Review for Points OnlyLocal Guides now get extra points if their Google reviews are 200 characters or more. Perhaps this increases the level of quality and reduces the number of 5-Star ratings with no reviews below it for the purpose of gaining points only.

Reputation management companies have been around for years to encourage reviews and consulting when negative reviews happen, just to mention a couple services. There are good companies who offer this and have become trusted because of it. Some companies like Get Five Stars go further by developing more of a comprehensive platform. It’s built to acquire customer feedback, encourage online reviews and other features mentioned above. I see services like these all growing in 2018, albeit mostly with companies who already have a head start. It’s a growing and demanding opportunity, but also a comprehensive one.

Local Videos and 360 Photos

DIY or Pay Professionals?

2017 may have been the year of making more videos. 2018 will be the year of making more videos, smarter.

DIY video can certainly be done on the cheap. Have a smartphone, tripod or monopod, lapel mic, iMovie app, and you can make an adequate one… or not. Companies may start with going the DIY route because it is rather inexpensive. Many of them afterwards will go towards independent companies, or agencies who specialize in videos.

2018 will be a really good opportunity for independent videographers. They know everything about video strategy and creation, as well as being search savvy. Some are confident enough to provide you free tips as well. Here’s Erica from Puke Rainbows on 2018 Video Marketing Trends to watch for.

360 Degree and Street View Photography

Street View photography will certainly grow in both supply and demand in 2018. Per Google Street View:

Listings with photos and a virtual tour are twice as likely to generate interest.

To become a Google Trusted photographer for this is a trial and error process. There are a number out there, coming from backgrounds from photography to marketing. Right now 360 photos for businesses are somewhere between the “this is really cool” stage and “this is really useful for our customers” stage.

Conclusion

Only time will tell how accurate my predictions will be. I suppose another post will come at the end of 2018 to see. What do you think? Am I spot on for these or am I out of my tree?


LocalMN Interactive provides Local Marketing services and we are beyond excited and very confident to see what comes in store for 2018. Let’s get together! We look forward to customize a local search strategy customized just for you. Skol!

Minneapolis Skyline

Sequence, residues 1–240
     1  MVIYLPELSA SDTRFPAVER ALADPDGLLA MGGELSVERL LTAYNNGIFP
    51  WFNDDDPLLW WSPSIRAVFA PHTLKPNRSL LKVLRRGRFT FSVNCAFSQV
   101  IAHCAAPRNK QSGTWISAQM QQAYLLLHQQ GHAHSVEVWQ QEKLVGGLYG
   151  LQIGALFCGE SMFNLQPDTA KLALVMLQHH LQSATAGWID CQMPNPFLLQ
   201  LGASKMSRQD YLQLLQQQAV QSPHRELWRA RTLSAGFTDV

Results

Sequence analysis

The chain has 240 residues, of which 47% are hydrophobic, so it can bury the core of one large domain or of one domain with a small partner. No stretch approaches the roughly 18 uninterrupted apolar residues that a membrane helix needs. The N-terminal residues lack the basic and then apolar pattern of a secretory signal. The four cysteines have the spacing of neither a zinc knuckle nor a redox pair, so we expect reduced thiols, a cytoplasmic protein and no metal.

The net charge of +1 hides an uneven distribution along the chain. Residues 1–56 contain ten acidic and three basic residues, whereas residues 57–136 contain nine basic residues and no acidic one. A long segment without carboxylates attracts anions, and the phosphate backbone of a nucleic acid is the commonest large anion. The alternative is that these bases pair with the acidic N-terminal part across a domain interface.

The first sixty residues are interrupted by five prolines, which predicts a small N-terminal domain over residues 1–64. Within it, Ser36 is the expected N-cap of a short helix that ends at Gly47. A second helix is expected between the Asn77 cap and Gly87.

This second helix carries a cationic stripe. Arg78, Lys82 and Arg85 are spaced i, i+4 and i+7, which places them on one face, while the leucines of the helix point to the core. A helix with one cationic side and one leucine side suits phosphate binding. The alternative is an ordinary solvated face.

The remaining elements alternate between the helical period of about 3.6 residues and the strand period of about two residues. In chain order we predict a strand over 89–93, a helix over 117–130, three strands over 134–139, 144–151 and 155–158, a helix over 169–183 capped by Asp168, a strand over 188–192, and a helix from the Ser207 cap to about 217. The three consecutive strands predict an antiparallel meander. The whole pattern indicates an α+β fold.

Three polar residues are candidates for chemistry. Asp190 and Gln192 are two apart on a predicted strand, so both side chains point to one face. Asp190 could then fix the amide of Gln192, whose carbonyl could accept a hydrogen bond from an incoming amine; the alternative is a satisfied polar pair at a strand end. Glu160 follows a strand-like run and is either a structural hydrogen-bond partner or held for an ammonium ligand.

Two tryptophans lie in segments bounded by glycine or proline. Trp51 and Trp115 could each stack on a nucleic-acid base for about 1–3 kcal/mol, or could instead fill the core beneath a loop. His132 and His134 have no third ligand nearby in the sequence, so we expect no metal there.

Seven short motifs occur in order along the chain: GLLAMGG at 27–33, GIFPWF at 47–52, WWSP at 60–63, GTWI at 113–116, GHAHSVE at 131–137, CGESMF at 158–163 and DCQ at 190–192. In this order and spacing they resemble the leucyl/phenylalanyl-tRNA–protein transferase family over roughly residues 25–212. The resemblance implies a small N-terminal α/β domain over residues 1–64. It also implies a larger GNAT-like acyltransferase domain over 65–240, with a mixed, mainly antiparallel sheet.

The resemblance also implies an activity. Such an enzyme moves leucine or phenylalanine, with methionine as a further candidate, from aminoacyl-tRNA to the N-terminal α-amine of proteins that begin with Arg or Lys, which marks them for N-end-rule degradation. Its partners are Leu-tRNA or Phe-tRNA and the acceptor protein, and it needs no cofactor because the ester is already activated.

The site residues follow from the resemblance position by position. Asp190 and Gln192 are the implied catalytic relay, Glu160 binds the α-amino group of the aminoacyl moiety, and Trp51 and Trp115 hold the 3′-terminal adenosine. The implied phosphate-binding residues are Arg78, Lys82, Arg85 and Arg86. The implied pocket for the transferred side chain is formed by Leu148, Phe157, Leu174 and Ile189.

Traveling Like a Local – Minneapolis/St. Paul

The Twin Cities, some people call it, as well as “The Cities” to Minnesotans out of the metro area. Mill City, City of Lakes in Minneapolis, and Hockeytown in St. Paul are others. Each nickname holds its own merit, we’ll visit some of these in this piece as well as numerous other places to enjoy during your stay in Minneapolis/St. Paul. There are just so many local places to see with a story to tell and many of them are free or low cost.

MSP Airport

Terminal 1 Light Rail Station

Free rides between Terminal 1 and 2

You’ll most likely fly into the MSP International Airport. Fly into Terminal 2. Sun Country, our  “hometown” airline flies in and out of there, and it’s a much smaller terminal so the lines are shorter resulting in less time spent at the airport.

There are different options for leaving the airport including shuttles, car rentals, car-sharing companies like Uber or Lyft, buses that leave Terminal 1 or a favorite, Light Rail Transit (LRT). For convenience, the Light Rail is free of charge between the 2 terminals and they run as often as every 10 minutes.

The Light Rail is also the easiest option to get to both downtown Minneapolis and St. Paul, although there’s no direct line to St. Paul and it will take longer. As in 90 minutes. Then, it’s all the better as you can often connect to wi-fi signals while riding. Either way, you can take the Blue Line all the way to Downtown Minneapolis or switch trains at the U.S. Bank Stadium station to catch the Green Line into St. Paul.

Mill City District

In Minneapolis, Mill City is an unofficial district nestled against the Mississippi River. While there, consider taking in your favorite ice cream treat at the local Izzy’s and a walk up or down West River Parkway. The lights are pretty, the people are engaging and the bridges are a work of art.

Hennepin Ave Bridge

Hennepin Ave Bridge and its Reflection

Bicyclist West River Parkway

Bicyclist enjoying the early evening down by the river

The Parkway area is an urban planner’s dream. A street with a slow speed limit, separate walking plus biking paths, public art and precise landscaping make this both beautiful and functional. When walking around this neighborhood, it’s hard not to say hello, engage in short conversation or wave. It’s a Minnesota thing to do. And of course my new friend wanted to give me a smile and peace sign.

The Nicollet